When whipping cream, recipes often call for one of two stages of fluffiness. Whipped cream beat to soft peaks. And whipped cream beat to stiff peaks. Here’s a visual guide and some tips to help you get to correct whipped cream stage.
Whipping Cream Tips:
1. You can whip the cream in a stand mixer, using a hand blender, or by hand using a whisk. For smaller amounts it is fairly quick to just whip by hand, reducing your cleanup to just a bowl and a whisk. If using a stand mixer and you don’t have a bowl splatter guard, wrap a piece of plastic wrap between the bowl and stand mixer head to contain the cream flings. Or start at a slower speed until it begins to thicken and then feel free to push the rpms.
2. Use heavy whipping cream. The higher the fat content, the better the whipped cream will hold firm. Or even follow the lead of the great chef Nancy Silverton and add some creme fraiche to the whipping cream.
3. Chill the cream, bowls, beaters, and or whisks. Usually we don’t bother chilling everything, but at least make sure the cream is nice and cold. However on those hot kitchen days, having everything chilled will make the whipping easier. If the cream gets too warm you may have issues getting it to hold up.
4. Add the flavorings (sugar, vanilla, etc…) towards the end of whipping the cream to maximize the volume.
5. Buy delicious cream. Not all creams taste the same. Try whipping creams from different dairies to find the one you love the flavor the most.
6. Watch for changes in stages closely. Especially with smaller volumes of cream, it will change form soft peaks, to stiff peaks, to over whipped fairly quickly. Even when whipping using a stand mixer, we like to finish to the final consistency by hand for better control. If piping the cream, whip just slightly under the stiffness you want since the action of piping the cream will actually whip it a touch more.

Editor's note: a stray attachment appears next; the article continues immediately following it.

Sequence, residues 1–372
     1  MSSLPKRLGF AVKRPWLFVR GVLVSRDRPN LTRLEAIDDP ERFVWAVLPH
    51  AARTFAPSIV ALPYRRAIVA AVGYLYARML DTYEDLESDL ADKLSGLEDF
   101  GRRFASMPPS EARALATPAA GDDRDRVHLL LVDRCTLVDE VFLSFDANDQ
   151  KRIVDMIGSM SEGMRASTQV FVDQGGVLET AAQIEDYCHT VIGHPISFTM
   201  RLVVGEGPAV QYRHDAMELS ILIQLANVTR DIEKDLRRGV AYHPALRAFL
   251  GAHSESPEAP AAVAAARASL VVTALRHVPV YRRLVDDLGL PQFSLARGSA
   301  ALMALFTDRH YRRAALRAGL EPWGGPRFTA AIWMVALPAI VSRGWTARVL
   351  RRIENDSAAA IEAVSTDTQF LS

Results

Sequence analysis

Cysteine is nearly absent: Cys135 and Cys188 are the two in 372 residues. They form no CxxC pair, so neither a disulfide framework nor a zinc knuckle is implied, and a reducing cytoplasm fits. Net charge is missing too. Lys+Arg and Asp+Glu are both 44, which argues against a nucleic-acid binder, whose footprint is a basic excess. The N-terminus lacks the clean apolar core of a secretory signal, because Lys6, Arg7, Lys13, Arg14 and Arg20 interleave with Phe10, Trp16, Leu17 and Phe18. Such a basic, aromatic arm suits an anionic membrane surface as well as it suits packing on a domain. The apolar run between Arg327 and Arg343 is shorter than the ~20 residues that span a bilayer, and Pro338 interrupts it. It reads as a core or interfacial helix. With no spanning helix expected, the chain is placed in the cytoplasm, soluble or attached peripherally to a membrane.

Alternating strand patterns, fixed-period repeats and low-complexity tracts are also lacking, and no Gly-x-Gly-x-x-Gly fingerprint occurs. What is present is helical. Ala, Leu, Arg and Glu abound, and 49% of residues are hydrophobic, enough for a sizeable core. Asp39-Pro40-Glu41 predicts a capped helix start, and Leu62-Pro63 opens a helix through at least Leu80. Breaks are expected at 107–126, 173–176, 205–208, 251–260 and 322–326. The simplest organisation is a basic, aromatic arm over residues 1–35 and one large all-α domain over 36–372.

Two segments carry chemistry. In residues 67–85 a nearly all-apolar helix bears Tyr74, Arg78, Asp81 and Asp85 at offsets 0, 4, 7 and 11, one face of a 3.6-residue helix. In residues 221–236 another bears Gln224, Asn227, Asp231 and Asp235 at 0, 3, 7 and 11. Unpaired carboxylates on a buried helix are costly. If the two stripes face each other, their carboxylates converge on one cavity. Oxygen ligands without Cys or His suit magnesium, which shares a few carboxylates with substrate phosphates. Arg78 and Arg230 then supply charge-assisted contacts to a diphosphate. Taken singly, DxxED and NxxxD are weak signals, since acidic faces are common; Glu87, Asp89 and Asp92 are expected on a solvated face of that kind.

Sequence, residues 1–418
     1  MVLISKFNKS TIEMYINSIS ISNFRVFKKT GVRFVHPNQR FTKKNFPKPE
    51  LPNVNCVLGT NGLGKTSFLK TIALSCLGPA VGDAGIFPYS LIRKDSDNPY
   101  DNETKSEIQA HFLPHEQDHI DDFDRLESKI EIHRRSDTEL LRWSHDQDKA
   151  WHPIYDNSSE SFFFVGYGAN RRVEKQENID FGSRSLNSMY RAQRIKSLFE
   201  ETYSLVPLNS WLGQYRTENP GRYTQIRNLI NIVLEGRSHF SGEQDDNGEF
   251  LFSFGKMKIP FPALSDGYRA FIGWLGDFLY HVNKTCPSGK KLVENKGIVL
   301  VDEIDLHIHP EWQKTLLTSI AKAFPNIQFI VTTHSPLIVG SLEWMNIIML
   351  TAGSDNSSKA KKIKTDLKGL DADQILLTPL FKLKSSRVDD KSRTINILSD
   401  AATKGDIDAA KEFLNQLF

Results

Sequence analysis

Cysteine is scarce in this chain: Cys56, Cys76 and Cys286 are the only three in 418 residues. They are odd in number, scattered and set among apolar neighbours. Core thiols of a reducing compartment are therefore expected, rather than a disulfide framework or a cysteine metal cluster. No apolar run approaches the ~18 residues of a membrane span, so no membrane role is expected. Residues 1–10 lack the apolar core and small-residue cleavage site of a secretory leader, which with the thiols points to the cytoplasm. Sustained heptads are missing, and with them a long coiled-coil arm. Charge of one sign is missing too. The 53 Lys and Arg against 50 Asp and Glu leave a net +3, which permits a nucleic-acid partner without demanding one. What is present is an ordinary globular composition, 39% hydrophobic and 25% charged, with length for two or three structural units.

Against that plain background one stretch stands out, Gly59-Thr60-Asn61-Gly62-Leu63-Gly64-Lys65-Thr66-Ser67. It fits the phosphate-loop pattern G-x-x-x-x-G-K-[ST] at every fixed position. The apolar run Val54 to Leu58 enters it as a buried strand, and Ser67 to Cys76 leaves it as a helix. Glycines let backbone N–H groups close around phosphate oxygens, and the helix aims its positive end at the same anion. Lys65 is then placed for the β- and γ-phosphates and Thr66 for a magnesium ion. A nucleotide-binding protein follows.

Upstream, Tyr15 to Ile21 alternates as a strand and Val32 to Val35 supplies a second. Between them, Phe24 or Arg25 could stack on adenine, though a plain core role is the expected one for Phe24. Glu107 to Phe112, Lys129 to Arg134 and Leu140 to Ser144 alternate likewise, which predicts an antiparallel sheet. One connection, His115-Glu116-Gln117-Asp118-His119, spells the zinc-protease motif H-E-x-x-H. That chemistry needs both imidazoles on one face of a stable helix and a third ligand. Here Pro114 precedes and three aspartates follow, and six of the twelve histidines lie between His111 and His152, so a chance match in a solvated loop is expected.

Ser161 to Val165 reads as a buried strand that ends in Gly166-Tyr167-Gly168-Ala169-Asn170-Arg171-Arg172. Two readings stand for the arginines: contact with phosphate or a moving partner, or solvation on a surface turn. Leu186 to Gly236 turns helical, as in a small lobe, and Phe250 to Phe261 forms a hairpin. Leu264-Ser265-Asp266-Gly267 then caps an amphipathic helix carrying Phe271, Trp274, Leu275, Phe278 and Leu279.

7. If you over whip the cream by a little bit (it just starts to get grainy) stir in more cold cream (a couple tablespoons – 1/4 cups worth) with a spatula. However if you’ve over whipped it too much, you might as well keep whipping a make some butter. There is no saving it for whipped cream at this point.
Whipped Cream Stages
1. No Peaks. After a couple minutes, the cream will have gone from runny and having big bubbles to thickening a bit and becoming smooth. At this point if you lift the whisk out of the cream it will still be too liquidy to hold its shape.
2. Soft Peaks. After lifting the whisk out the cream will hold its lines but the top peaks will be soft and after a second or two will fall back on itself.
3. Stiff Peaks. Now after lifting out the whisk, the peaks will hold firm.
4. Over Whipped. If you whip the cream to much it will start to break down and become grainy. The fats and liquids are now separating. If it is just starting to happen you can save it (see Whipping Cream Tips #7), otherwise you might as well keep going a make some butter. Delicious cream it a too good to waste.
This is a good, basic homemade whipped cream. It is easily scalable to you needs. The cream isn't sweetened too much, allow the flavor the the cream to be enjoyed, but feel free to sweeten to taste.
- 1 cup (240ml) cold heavy whipping cream
- 1 tablespoon confectioners sugar
- 1/2 teaspoon vanilla extract
- Combine the whipping cream, confectioners sugar, and vanilla in a high-sided bowl or mixer. Whisk to soft peaks.
- Cover and refrigerate until ready to serve.